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The effect of maintenance on the performance of sand-filled synthetic turf surfaces

By Iain T. James and Andrew J. McLeod

Abstract

The effect of infill quantity and contamination on the performance of second generation sand-filled synthetic turf sports surfaces was investigated in a laboratory study. Three 1m2 test surfaces were constructed by placing synthetic turf over a stone-tar-macadam-rubber shockpad sub-base. Ball rebound, ball roll, surface rebound hardness and rotational resistance of a dimpled rubber sole were measured for a range of infill quantities (0-35 kg/m2) and infill contamination concentrations (0, 10 and 20%). Increasing infill quantity increased hardness, reduced ball rebound and reduced rotational resistance linearly (p , 0.01). Ball deceleration increased up to 10 kg/m2 after which there was no further significant increase in the range tested. An optimum infill quantity of 25-30 kg/m2, based on performance characteristics and the length of fibre above the infill, was identified for the synthetic turf surface tested. Increasing contamination also increased ball deceleration and reduced infiltration rate and kept surfaces wetter for longer during drying (p , 0.001), resulting in conditions suitable for moss and algae formation. Maintenance, including regular brushing and monitoring of infill quantity, is required to ensure even distribution of the correct quantity of infill and the minimization of infill contamination in all infilled synthetic turf surfaces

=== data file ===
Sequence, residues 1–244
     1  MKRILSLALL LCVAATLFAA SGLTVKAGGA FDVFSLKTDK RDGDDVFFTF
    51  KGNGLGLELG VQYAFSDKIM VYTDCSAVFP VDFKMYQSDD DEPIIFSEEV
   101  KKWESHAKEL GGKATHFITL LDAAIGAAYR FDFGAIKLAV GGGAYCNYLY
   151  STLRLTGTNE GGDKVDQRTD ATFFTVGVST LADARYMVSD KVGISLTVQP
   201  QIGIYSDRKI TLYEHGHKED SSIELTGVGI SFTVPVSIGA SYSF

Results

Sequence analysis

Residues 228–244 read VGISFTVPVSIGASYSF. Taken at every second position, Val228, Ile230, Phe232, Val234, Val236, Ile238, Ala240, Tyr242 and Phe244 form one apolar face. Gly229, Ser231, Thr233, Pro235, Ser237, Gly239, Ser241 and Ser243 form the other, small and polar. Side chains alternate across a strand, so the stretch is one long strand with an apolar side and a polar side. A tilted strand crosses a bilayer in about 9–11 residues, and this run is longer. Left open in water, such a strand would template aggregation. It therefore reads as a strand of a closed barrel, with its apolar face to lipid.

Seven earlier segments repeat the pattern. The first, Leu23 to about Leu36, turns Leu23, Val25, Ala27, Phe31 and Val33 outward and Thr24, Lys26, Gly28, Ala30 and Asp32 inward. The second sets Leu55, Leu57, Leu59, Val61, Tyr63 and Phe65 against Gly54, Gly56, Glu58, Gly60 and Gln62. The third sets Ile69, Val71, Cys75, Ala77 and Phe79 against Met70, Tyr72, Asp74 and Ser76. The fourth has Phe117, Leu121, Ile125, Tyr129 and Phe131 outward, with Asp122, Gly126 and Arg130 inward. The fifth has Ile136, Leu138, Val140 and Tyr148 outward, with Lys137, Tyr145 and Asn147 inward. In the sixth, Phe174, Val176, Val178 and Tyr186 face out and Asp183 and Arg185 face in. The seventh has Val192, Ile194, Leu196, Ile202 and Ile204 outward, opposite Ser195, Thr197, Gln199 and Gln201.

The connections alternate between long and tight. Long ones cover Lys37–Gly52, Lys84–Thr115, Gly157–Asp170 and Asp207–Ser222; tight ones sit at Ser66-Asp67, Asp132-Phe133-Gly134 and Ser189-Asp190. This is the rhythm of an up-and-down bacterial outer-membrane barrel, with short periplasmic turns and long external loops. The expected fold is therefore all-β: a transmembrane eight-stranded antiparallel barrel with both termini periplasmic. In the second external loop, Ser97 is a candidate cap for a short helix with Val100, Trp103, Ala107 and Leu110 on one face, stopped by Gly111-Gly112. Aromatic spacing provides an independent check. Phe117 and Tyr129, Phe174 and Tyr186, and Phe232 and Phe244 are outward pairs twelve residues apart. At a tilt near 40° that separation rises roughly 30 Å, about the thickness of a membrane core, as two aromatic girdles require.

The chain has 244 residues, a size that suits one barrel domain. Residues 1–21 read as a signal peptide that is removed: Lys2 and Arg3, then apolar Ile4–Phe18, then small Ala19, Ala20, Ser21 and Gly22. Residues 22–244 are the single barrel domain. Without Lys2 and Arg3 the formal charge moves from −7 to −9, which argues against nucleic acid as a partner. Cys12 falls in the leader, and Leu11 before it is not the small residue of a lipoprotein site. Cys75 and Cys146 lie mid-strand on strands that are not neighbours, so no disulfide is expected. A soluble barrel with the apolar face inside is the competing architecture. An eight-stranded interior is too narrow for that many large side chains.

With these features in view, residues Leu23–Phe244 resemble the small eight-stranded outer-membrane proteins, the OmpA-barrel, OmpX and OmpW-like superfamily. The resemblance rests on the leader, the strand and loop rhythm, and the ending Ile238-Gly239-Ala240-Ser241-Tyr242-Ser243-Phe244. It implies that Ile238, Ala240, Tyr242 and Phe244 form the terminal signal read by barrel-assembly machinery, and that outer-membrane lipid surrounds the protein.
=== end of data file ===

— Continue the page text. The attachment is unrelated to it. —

Topics: Synthetic turf, maintenance, performance, infill, ball roll, traction
Year: 2010
DOI identifier: 10.1080/19346190.2010.504273
OAI identifier: oai:dspace.lib.cranfield.ac.uk:1826/6466
Provided by: Cranfield CERES
Journal:

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